To the uneducated, Sherri Mytopher is unassuming, pretty and petite, her brown hair braided into a ponytail, her smile glinting with her eyes.
She doesn't look sick, and unless she told you, you wouldn't know she's been living for five years with multiple sclerosis, an unpredictable autoimmune disease that comes with a battle that's different one day to the next.
"Nobody knows what MS looks like and I think people must assume you must be in a wheelchair or a scooter," Mytopher said. "It's a hidden disease."
Mytopher is the face for the MS Society of Canada in Fort St. John and Northern B.C., and though more than 100,000 Canadians suffer from the disease, she runs into the uneducated more often than she'd like.
At the recent trade show promoting the society and its upcoming walk to support MS sufferers and services, a man remarked Mytopher should have had someone living with MS with her at the booth.
"I was speechless. My stepdaughter spoke up before I did," Mytopher said. "He shrugged his shoulders and walked away. It upset me."
Multipe sclerosis attacks the central nervous system, specifically myelin, the protective covering of nerves, causing inflammation and damaging myelin to the point where nerve impulses are disrupted in their travels through the body.
MS is unpredictable, its symptoms different for everyone who lives with it. Some have a constant numbness in their hands and arms, or suffer from chronic fatigue. Others lose their vision or their mobility.
"There's days I can't hold object or turn faucets, and there's days you just don't want to get out of bed," Mytopher said. "That's why the disease is so scary from one day to the next. You don't know how you're going to feel or if one day you're going to be immobile."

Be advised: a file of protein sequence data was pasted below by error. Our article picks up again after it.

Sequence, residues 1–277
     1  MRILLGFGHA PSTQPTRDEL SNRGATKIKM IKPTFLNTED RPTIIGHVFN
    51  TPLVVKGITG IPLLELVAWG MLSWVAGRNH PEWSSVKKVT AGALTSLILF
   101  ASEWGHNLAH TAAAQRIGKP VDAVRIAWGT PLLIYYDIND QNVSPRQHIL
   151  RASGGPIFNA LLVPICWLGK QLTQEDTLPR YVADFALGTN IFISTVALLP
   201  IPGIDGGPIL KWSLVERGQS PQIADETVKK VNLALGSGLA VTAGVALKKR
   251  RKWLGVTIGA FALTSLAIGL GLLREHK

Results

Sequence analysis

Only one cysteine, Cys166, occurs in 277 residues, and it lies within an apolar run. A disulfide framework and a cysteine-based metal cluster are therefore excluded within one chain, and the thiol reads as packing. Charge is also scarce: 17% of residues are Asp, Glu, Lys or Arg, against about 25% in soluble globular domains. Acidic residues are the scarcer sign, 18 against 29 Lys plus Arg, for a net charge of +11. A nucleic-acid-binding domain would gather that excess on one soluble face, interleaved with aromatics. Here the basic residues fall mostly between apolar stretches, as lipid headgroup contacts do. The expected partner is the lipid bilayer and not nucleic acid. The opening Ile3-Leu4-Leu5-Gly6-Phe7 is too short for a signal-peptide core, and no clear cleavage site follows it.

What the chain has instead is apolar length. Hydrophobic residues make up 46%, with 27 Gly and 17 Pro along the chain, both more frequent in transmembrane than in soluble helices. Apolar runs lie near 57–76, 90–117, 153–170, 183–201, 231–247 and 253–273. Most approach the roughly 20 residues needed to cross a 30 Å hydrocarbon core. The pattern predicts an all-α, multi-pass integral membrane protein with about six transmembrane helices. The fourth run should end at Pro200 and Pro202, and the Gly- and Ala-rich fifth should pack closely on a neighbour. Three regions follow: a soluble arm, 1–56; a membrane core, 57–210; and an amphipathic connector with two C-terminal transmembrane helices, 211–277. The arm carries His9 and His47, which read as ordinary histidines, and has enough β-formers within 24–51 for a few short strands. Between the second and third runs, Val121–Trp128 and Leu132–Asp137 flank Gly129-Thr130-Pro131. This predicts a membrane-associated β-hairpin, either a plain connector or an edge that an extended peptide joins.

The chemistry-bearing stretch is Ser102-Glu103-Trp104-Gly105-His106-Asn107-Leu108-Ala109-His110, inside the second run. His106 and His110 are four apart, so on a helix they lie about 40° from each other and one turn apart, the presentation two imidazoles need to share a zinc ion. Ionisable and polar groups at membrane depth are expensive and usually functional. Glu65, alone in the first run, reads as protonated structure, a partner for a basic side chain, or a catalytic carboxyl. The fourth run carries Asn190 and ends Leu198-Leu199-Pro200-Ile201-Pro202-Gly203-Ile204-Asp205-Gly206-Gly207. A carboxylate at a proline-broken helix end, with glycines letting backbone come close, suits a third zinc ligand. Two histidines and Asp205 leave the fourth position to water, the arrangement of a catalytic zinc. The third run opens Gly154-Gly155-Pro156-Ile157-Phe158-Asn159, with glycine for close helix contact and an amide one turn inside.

Because of this, there's no cure for MS, let alone a consistent approach to treatment, Mytopher said. What works for one person may not work for the next. But that doesn't mean researchers aren't looking for a cure.
Mytopher is hosting two events this month to raise funds to support the MS Society and its work to find one. It starts May 25 with a burger and beer night with a silent auction at Casey's Pub May 25. The walk takes place May 27 at Centennial Park, where more than 60 people will walk a city block to support those living with MS.
Nearly $11,000 of the $15,000 fundraising goal has been raised so far, most of which goes to support the MS Society. Ten per cent of the funds stay local to help fund peer support meetings, wellness sessions, and equipment and medical travel needs.
There are around 800 MS patients in the Northern Health area, with between 100 to 120 of them in Fort St. John and surrounding area. The Prince George MS Clinic sees an average of one to two referral a week from the area since the new MRI machine was installed in the hospital.
As Mytopher readies for the upcoming walk, educating people about MS is key. The month of May has been declared MS Awareness Month in Fort St. John, Taylor, and Dawson Creek.
"The more I'm out in people's faces, the more people understand," Mytopher said.
The walk gathers at the gardens at Centennial park May 27 at 10 a.m. The walk starts at 11 a.m.
For more info, email Mytopher at email@example.com or call 250-263-8058. To register, visit the MS Society site by clicking here.
Email Managing Editor Matt Preprost at firstname.lastname@example.org.